Since the panel would be experienced in the issues, legal or financial issues could be worked out in a collaborative manner involving mediation if necessary. We need to eliminate the climate of “win/lose” from the process. If the parties knew what to expect the results would be less traumatic.
Everyone would be subject to uniform ground rules of behavior. Each parent would have equal rights to custody to be adjusted with the consent of the panel and the parents. Court-appointed counselors would be available to help guide the parents and children through this new phase of their life. The combative nature of the divorce process would be eliminated. With uniform ground rules, there would be no need for people to feel victimized by the system.
Fathers would know what to expect, mothers would know what to expect. There would be no need for lawyers to be a “husband/father’s attorney” or a “wife/mother’s attorney”.
The priority with these panels is to help the parents learn how to problem solve peacefully and respectfully. Education and parenting classes would be mandatory. Financial counseling would be mandatory if the parties fail to comply with panel rulings on support. In other words, people would be given help, not jail sentences. If a panel believes that participants are willfully ignoring or failing to comply, they would be assigned to the criminal court dockets for harsher guidance.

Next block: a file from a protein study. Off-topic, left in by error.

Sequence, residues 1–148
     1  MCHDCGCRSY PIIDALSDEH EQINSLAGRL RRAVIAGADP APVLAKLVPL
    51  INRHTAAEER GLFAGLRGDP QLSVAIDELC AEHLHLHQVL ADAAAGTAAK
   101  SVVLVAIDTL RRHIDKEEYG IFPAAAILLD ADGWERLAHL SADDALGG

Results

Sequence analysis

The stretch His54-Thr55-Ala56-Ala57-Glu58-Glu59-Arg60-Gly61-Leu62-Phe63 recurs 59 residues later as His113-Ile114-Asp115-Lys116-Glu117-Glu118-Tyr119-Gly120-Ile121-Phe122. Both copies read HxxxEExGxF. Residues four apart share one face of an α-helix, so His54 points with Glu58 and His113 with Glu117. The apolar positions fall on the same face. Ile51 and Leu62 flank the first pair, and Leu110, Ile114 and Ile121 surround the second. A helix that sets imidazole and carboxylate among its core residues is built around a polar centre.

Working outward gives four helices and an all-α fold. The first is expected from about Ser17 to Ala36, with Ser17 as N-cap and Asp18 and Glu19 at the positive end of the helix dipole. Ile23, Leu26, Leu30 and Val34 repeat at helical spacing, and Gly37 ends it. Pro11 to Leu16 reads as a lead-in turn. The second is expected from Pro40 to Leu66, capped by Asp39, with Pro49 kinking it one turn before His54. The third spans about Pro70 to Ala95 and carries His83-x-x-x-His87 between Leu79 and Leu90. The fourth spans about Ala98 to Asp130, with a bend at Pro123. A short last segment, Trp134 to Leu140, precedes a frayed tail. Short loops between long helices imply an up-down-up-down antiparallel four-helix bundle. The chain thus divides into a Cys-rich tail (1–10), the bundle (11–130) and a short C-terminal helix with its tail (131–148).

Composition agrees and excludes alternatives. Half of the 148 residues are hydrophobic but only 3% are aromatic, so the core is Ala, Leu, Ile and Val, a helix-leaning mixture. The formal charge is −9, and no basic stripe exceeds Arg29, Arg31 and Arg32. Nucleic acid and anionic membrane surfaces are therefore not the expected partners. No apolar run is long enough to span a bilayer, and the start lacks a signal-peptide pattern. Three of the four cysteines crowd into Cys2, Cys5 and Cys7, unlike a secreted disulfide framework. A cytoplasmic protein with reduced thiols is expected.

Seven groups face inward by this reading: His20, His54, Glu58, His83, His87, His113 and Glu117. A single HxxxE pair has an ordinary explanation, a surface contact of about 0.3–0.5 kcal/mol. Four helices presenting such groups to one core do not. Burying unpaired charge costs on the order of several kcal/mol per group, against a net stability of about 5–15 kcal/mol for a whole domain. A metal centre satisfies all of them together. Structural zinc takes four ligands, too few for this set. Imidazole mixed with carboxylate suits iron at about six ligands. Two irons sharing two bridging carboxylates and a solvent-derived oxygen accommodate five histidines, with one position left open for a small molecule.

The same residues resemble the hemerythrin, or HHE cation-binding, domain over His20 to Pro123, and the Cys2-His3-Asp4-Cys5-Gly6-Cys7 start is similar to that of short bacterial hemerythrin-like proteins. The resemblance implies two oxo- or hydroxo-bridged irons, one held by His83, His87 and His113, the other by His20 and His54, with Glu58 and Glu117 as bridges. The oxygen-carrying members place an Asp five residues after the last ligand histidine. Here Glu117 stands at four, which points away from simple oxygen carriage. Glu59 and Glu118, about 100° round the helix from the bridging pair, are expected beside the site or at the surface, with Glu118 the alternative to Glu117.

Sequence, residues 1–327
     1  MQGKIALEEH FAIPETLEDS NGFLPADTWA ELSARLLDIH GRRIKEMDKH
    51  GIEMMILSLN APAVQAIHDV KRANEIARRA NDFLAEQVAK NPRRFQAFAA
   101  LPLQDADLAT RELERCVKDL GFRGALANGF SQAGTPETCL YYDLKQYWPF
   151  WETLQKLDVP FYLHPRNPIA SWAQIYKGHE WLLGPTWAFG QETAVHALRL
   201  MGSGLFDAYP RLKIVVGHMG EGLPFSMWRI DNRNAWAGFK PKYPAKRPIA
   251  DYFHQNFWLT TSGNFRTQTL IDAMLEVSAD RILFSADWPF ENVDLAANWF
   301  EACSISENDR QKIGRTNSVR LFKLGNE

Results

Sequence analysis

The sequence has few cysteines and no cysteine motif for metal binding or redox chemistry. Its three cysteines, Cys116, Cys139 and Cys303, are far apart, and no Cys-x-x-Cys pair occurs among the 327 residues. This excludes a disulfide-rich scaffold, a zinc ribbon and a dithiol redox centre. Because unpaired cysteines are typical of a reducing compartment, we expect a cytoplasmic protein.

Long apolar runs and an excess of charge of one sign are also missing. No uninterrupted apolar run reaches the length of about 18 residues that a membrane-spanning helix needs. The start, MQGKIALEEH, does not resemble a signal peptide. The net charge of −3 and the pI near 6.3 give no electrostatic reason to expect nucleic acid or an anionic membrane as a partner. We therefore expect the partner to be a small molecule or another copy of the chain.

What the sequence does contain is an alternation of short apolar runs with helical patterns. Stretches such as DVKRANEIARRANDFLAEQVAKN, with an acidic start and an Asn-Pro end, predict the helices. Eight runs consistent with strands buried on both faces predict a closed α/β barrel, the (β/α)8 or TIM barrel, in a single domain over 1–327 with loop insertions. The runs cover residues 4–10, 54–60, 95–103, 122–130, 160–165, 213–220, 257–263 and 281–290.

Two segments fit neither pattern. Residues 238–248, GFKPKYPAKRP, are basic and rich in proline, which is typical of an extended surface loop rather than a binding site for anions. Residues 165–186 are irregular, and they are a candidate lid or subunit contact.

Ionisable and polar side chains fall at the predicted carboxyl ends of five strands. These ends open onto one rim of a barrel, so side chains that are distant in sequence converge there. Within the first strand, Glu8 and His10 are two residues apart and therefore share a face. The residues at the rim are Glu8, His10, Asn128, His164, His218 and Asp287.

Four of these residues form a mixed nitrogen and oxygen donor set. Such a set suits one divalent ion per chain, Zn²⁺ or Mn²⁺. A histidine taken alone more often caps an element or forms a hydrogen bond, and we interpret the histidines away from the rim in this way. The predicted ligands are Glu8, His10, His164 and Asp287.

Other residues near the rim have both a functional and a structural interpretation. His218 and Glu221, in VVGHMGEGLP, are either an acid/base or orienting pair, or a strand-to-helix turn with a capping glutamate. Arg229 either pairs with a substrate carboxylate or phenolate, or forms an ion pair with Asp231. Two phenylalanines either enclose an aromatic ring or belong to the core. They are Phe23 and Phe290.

Shift the Resolution of Psychological/ Behavioral Issues to Mental Health Professionals
The hope is that people would be more willing to comply with an expert-driven decision than a court decree from a judge who may or may not appreciate the effects of the complexities of divorce upon a dissolving family. Judges are trained on how to try cases, not how to solve family problems. If the parties have a chance to meet and discuss their issues with a panel of experts who have the bigger picture in mind, their experience would be more therapeutic than traumatic.
The ultimate goal is to shift the resolution of psychological and behavioral problems to people who know how to deal with them. The dissolution of a marriage (unlike the dissolution of a corporation or partnership) is not a legal matter, and trying to force a round peg through a square hole has not been a satisfactory experience for most divorcing couples.
With this new system, people with psychological and behavioral issues will get help or at least guidance on how society expects them to behave. Knowing that their issues will be helped by professionals with the right knowledge, experience, and skills will help countless families get through their divorce process without further trauma.
Reforming the Divorce Process
Family Lawyer Magazine sought suggestions from divorce lawyers and judges on reforming the divorce process in courts. Here’s what they had to say.
Mental-Health Professionals & High-Conflict Divorce: 7 Pitfalls to Avoid
Key pitfalls to sidestep when managing mental-health professionals during high-conflict divorce cases.
Helping Clients with Mental Health Issues Cope with Divorce
Helping clients with mental health issues cope with divorce is a daunting task. Attorneys representing such clients should team up with health professionals.